Nation's Tri "Triathlon 101" Clinic

A few weeks back, I had the opportunity to present to a group of athletes who are gearing up for the 2014 Nations Triathlon on September 7th. The presentation had a familiar format in which I, with the help of two of my triathlon club members, laid out a handful of beginner tips for the group:

·      What to bring in your transition bag

·      How to train for the bike leg

·      Don’t forget to stretch!


After the clinic, I began to think back on the first season that I really started to train for triathlon, as opposed to an individual sport or just working out.  It got me thinking about what I wish I had known or had done differently back then.  I even asked my wife, who completed her first sprint triathlon last year, what were the best pieces of advice we would pass on to a newbie triathlete.


The three best pieces of advice that we came up with are this:

1.     Follow a plan – It doesn’t matter where the plan is from (ie: the internet, a coach, a book, wherever).  Just having a road map that will get you from A-to-B is going to make your journey to the finish line much simpler and better.

2.     Practice open water swimming – Swimming is often the Achilles’ heal of triathletes, even for people with a comfortable pool-swimming background. It is also often the most challenging thing to practice, as finding open water in which it is legal/safe to swim can be hard.  However, I think that getting some experience swimming outside the pool is a must for new athletes and should be practiced by experienced athletes as well.

3.     Don’t underestimate the bike leg – If you think about it, in a triathlon you are riding a bicycle for the majority of the race.  It is where smaller increases in power, efficiency, and endurance can translate into the biggest decreases in overall time.  Having a good bike leg also effects how you run off the bike as well.  For the athlete how has limited time to train, focusing extra time on cycling will pay dividends in their next race.


As I write this article, I am also a few weeks out from racing Nations Tri as the culmination of my season.  Looking back on the training that I have done so far this season, I find that I have followed my own advice, and have been happy with the results in the races that I have done so far.  Now in a few more weeks I hope that I can bring it all together and finish strong at Hains Point.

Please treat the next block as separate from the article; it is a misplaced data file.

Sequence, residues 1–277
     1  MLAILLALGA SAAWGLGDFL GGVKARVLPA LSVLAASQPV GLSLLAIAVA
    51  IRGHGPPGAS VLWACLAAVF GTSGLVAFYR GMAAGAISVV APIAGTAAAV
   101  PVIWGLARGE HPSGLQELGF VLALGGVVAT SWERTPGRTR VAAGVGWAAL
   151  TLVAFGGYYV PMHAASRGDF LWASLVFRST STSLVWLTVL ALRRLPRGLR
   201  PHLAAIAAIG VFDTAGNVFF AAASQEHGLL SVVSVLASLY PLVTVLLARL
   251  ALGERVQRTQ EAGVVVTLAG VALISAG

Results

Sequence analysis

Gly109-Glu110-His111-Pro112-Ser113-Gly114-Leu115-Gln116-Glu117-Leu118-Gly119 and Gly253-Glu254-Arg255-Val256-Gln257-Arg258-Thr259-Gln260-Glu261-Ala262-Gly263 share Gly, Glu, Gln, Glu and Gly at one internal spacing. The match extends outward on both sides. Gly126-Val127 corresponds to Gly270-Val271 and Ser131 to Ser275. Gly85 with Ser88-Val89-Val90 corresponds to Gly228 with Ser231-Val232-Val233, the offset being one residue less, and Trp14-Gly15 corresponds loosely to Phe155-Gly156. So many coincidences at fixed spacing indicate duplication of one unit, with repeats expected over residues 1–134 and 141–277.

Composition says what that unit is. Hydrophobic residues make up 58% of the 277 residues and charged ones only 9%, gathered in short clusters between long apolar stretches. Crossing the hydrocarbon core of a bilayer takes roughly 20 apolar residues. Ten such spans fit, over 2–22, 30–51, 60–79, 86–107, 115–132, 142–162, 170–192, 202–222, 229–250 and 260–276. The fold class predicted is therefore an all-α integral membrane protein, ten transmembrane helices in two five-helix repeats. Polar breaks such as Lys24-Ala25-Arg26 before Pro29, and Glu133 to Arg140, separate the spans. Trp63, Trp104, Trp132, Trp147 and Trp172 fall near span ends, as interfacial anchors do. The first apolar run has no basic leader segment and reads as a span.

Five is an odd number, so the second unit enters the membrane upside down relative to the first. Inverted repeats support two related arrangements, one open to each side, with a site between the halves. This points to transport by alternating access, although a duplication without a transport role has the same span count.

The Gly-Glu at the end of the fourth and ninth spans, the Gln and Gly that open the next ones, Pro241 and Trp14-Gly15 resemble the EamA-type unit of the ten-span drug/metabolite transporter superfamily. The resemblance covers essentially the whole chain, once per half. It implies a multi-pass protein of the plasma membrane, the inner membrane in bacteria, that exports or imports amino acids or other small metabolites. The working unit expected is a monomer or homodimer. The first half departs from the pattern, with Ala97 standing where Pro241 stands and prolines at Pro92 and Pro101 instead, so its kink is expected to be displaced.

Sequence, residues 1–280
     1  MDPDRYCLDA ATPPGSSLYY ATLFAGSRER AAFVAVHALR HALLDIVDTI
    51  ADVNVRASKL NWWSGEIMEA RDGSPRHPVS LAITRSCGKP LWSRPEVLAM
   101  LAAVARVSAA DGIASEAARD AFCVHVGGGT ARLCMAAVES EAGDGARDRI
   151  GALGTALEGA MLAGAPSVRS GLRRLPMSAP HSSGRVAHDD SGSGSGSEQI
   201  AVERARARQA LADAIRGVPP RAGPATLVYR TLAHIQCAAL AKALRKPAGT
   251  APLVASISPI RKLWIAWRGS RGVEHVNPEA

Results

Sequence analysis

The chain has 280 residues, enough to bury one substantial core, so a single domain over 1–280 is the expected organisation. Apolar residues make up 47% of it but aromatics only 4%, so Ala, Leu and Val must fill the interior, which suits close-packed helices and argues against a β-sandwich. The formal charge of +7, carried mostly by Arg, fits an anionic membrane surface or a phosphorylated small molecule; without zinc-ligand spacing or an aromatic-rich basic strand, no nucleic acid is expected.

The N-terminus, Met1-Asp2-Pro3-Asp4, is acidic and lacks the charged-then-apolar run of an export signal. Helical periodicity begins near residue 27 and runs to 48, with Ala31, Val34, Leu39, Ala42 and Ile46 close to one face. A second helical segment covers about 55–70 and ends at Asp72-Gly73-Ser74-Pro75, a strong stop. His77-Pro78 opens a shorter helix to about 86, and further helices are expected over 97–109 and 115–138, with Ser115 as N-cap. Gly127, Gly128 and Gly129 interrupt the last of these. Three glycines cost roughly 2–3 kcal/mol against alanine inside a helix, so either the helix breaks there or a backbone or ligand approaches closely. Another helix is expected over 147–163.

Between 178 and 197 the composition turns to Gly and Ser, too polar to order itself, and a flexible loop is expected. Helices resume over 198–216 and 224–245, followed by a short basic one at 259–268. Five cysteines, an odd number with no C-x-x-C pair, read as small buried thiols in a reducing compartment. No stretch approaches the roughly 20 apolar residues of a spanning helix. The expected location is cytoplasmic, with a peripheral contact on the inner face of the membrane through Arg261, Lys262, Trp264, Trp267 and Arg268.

To view the presentation form the Nation’s Tri Triathlon 101 clinic, click here

First Race of the season!

Tomorrow morning at 4am, I will gather my heaps of tri-gear, load the family into the Rav4, and head out on a two hour drive to the first race of the year: The Rock Hall International Triathlon.  For most people this sounds horrible (and the 4am part ain't great) but for those of us who enjoy the sport of triathlon, this is fairly routine during race season.  For those that don't get it, maybe this will help explain.

I am happy that my wife enjoys coming to my races (and it turns out my two year old is excited to watch daddy race as well) because this makes the whole process much easier.  I also get to share my successes (I don't think there is such a thing as a failure when it comes to racing, just learning experiences) with my family which makes them all the better.

Each season that I have been racing, I hope to start off the new year with times or results that are close to those I posted at the end of the previous year.  I've been able to do this for the last three years, but I have also started to see a plateau in my times.  For this race, I am planning on testing out whether the long miles i have been logging on rides with The Bike Rack will pay off. 

I have always struggled with running and I am hoping that the efficiency and power gained on my bike will translate to better run splits by starting the run with more gas left in the tank.  I also will try to negative split the run better by paying close attention to my pace starting out.  By dialing it back out of T2, I think I will be able to have a better second half split.  We shall see. 

I will post a post race report to let everyone know how it went.